After our usual swim, lunch, and nap, the four of us headed out again at 4pm for the long, long tuk tuk ride to the largest freshwater lake in Asia to see the floating villages. The ride started off nicely along the river in Siem Reap, past wooden houses, all up on stilts, with half the household (cooking, wood, supplies, animals) on the earth floor under the house, and the other half (sleeping quarters and...?) inside the house on the upper floor. We then rode past bright green rice paddies and eventually ended up on a bumpy, thin, dusty strip of land leading out to the lake. What was on either side of this narrow rode was an eye opener for me. Fishermen and their families lived in shacks and complete filth, the children playing soccer with flip flops among the strewn plastic bags and garbage. (I am sure they tried to keep things somewhat clean, but what can you do when there's noone picking up your trash?) This bumpy, dusty, smelly (fish paste everywhere), disheartening ride lasted about half an hour, and I kept thinking the whole way, what is the best way to help these people? our guide said the average life span was 45 years old.
Once we reached the end, we left poor Puk to wait for us, and he did not look very happy. Kie had arranged a long tail boat for us, captained by an ancient man (definitley older than 45, I think?) who poled the boat out into the river, then motored us out into the lake. There we found large collections of houseboats (just like Lake Union!) that fishermen live on and move in and out of the river according to the water levels. Some were actually painted with brightly colored patterns and had huge pots and pans for cooking hanging up outside. Others even had flowers and plants. Erica and I got off the longtail boat at a sort of floating restaurant to climb up to the top for the view. It was something to see what we later found out were Vietnamese women in their longtail boats, trying to sell whatever they had ( a banana, a shirt) to the newcomers to the lake. They would see a new boat arriving and paddle like mad, babies attached to bosoms and other children following in their own vessels, usually a big silver pot or bowl and a paddle (we called them Kid in a Wok). They would brag the boat as if they were crazy and plead out to the tourists to buy something, anything. Then they would calmly paddle away and continue on talking, eating, or just hanging out. They seemed desperate to me, but I wasn't really sure in the end.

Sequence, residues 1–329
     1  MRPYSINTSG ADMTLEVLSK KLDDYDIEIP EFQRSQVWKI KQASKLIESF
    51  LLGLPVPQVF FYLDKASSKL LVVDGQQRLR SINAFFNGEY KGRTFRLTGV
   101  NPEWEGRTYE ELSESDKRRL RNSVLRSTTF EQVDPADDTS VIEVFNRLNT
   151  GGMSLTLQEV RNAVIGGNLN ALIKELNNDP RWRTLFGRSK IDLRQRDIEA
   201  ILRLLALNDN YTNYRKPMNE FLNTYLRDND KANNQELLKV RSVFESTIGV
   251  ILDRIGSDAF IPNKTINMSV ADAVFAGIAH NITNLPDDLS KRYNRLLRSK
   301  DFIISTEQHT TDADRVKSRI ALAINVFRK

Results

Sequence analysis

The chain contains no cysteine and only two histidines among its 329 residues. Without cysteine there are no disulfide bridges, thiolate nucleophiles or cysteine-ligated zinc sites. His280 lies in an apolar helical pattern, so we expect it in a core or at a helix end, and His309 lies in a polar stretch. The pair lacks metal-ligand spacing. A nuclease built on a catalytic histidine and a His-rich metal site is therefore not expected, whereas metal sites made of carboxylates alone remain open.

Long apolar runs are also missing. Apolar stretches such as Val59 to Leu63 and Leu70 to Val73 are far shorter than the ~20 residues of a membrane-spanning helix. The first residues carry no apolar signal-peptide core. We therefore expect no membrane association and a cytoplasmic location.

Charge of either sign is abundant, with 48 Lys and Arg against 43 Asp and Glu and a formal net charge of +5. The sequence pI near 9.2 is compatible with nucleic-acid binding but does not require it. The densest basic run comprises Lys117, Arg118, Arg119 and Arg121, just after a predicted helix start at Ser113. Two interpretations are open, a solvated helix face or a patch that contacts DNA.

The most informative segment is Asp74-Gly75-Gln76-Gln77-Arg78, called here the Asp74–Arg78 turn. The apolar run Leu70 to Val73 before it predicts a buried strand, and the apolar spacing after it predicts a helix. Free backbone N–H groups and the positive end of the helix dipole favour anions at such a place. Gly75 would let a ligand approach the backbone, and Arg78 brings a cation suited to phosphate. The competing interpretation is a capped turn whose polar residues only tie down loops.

After about an hour we got back to Puk, only running out of gas in the longtail once, gave the boat driver a tip, which seemed to make him incredibly happy. (I think it was only a couple of dollars). Then back along the road of horrors (yet still beautiful people), along the river and home.
More about our last day in Siem Reap later...........
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eblock on

I feel as though I were with you.
Oh, Wait... I was there with you. Reading this takes me back the the wonderful time we had in Siem Reap. I wish I was there instead of back at work, but until I meet Bob the bills still need to be paid. Have a super fantistic time on the reat of your trip. Miss you.